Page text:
Supreme Court scrutinizes controversial Texas abortion law
WASHINGTON (Gray DC) - Will the U.S. Supreme Court act, and when will they do it? Those are the big questions for supporters and opponents of a Texas state law which gives private citizens the right to sue people involved in abortions taking place after six weeks.
Whether Texas’ S.B. 8, the so-called Texas Heartbeat Act, will avoid attempted legal challenges by abortion providers and the U.S. Department of Justice is now up to the U.S. Supreme Court.
The court fast-tracked two separate but related cases (Whole Women’s Health v. Jackson and United States v. Texas) to be heard Monday, and spent about three hours on them in total.
Pro-choice and pro-life advocates protested in front of the Supreme Court steps as the court heard from those who want to challenge the Texas law which effectively bans abortions six weeks after conception with no exemptions for rape or incest.
Texas Solicitor General Judd Stone defended the law in both cases. “None of the individuals sued are appropriate defendants,” Stone argued in his opening statement.
Stone argued that since the Texas law allows for private citizens to bring lawsuits, and prohibits state officials from enforcing the law, federal courts cannot block it.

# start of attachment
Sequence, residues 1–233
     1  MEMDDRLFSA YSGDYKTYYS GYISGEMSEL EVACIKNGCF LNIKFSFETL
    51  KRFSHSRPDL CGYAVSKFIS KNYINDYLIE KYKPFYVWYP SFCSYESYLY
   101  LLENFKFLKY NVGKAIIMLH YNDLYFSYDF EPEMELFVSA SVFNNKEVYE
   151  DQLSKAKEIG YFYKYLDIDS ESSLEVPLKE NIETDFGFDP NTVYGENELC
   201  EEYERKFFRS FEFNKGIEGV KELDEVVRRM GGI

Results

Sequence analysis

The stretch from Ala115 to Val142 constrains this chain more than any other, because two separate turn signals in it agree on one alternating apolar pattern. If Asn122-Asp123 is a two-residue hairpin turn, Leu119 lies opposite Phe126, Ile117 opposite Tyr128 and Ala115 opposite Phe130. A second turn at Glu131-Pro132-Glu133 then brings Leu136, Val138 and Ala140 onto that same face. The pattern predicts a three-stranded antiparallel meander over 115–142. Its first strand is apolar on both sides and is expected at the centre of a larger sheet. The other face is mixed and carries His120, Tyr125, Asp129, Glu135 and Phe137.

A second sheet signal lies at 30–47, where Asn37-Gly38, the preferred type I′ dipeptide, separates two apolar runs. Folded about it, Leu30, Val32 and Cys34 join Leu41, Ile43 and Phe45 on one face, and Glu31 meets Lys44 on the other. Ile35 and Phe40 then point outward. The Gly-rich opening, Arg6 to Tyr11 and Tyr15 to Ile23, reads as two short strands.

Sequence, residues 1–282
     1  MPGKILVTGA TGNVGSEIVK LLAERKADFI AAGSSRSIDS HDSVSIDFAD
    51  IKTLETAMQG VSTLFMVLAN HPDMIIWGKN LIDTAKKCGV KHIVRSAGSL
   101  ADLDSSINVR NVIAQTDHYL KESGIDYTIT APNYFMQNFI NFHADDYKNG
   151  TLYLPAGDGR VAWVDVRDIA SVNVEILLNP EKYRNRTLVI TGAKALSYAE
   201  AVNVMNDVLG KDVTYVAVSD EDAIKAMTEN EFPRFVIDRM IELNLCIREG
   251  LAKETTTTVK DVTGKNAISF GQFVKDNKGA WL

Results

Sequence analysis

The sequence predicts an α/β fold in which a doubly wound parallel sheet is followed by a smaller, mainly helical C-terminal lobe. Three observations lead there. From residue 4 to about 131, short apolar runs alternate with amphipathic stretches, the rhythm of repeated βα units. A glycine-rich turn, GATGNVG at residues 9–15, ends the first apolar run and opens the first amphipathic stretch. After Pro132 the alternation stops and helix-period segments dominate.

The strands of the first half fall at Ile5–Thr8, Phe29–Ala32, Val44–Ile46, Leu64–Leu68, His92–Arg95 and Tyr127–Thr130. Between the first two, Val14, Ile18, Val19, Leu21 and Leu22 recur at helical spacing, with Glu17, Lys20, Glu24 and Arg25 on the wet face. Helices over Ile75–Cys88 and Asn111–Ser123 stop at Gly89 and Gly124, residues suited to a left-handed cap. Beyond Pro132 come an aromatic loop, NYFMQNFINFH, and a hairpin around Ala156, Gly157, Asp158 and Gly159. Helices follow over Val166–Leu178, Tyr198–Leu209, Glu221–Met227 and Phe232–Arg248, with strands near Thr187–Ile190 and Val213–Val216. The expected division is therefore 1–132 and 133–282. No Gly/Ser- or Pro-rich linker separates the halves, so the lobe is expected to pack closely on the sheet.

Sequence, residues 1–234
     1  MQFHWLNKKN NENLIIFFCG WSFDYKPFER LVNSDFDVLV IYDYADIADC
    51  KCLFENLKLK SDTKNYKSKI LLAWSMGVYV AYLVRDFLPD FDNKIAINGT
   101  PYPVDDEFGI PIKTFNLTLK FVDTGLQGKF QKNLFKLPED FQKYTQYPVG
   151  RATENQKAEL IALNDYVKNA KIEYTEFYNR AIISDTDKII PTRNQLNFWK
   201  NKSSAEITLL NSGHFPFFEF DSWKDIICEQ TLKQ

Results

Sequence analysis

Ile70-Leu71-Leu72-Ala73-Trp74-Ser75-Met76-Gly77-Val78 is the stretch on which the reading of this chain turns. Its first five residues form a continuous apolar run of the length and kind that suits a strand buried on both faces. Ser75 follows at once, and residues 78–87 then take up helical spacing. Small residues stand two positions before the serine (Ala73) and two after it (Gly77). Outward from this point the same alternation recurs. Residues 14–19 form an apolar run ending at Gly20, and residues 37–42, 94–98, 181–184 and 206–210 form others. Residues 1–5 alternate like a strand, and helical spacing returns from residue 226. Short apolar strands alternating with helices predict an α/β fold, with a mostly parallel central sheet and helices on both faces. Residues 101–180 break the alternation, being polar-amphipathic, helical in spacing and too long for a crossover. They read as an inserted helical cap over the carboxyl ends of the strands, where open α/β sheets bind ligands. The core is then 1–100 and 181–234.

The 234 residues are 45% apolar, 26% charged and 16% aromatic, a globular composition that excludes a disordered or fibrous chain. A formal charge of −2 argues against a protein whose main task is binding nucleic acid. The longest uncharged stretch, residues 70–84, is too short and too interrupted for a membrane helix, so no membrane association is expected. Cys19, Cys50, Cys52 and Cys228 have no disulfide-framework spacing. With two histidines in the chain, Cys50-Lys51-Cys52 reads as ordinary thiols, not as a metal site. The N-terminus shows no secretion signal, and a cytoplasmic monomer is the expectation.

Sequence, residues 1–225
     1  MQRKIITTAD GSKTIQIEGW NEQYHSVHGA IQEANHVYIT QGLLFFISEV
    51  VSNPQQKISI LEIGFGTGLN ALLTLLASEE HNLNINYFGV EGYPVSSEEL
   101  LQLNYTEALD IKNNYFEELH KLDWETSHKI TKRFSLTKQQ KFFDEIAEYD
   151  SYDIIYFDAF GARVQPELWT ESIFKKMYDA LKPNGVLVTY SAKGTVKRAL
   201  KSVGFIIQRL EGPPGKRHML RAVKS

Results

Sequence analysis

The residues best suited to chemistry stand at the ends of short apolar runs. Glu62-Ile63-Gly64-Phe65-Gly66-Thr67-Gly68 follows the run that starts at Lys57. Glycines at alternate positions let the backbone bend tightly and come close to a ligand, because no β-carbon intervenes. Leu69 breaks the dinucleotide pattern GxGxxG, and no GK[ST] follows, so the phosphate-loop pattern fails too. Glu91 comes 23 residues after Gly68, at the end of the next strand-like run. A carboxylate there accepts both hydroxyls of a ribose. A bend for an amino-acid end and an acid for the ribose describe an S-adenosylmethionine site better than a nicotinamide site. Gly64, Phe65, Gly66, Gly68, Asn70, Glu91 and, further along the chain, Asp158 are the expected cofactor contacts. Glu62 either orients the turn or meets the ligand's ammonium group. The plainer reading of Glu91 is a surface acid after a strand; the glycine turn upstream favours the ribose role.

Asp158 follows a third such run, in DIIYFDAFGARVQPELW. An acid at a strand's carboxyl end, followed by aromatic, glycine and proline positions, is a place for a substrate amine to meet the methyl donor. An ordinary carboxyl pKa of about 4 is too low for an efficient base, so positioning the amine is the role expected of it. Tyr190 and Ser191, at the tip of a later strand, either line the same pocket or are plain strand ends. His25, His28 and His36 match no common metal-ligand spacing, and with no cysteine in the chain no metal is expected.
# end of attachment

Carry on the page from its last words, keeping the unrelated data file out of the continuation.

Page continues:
At one point, Justice Brett Kavanaugh said, “as Justice Kagan points out there’s a loophole that’s been exploited here.”
U.S. Solicitor General Elizabeth Prelogar faced a series of questions from justices as to why the U.S. Department of Justice is trying to step into this case when it hasn’t in others. She said the D.O.J. is stepping, at least in part, because Texas crafted the law in an effort to box out legal challenges.
“If a state can just take this simple mechanism of taking its enforcement authority and giving it to the general public backed up with a bounty of $10 million or $100 million, if they can do that then no constitutional right it safe,” Prelogar said,
Marc Hearron, senior counsel at the Center for Reproductive Rights, argued for abortion providers to have a chance to challenge the Texas law, and spoke with reporters after oral arguments.
“It is long past time for this statute to be blocked,” Hearron said, “for the enforcement to be blocked, and to restore services across the state.”
In September, the U.S. Supreme Court allowed the Texas law to take effect with a 5-4 decision. There’s no announced timeline as to when the court will reach a final decision in this case, but opponents said they hope it’s quickly.
At least 12 other states have enacted bans early in pregnancy but all have been blocked from going into effect.
Copyright 2021 Gray DC. All rights reserved.